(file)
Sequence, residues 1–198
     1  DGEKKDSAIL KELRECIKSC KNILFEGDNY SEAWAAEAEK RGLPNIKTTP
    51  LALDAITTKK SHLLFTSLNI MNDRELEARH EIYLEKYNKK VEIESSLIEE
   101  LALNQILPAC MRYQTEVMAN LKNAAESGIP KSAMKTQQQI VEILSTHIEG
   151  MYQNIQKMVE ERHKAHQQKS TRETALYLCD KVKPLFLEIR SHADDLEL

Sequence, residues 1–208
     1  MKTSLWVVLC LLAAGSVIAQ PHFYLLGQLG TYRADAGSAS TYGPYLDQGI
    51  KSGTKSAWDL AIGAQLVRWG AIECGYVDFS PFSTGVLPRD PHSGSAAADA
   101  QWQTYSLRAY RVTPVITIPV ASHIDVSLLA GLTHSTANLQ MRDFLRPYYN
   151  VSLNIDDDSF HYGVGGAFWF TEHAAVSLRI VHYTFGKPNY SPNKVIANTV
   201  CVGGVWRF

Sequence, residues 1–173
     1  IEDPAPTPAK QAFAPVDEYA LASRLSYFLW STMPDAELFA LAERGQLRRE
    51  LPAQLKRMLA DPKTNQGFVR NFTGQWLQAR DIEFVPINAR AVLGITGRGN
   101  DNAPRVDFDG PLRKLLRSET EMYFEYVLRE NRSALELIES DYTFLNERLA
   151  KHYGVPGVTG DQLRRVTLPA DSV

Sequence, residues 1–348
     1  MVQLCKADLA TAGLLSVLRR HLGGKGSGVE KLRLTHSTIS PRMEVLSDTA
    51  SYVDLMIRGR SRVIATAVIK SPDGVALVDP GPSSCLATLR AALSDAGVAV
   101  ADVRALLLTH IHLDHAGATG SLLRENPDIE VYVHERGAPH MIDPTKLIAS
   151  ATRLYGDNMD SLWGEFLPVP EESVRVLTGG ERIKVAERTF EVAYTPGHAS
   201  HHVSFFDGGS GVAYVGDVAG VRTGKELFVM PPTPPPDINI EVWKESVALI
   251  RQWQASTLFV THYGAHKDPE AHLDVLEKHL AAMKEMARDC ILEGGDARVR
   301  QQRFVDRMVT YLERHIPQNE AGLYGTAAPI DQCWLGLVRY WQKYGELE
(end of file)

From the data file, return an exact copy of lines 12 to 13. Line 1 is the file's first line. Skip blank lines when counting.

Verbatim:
Sequence, residues 1–173
     1  IEDPAPTPAK QAFAPVDEYA LASRLSYFLW STMPDAELFA LAERGQLRRE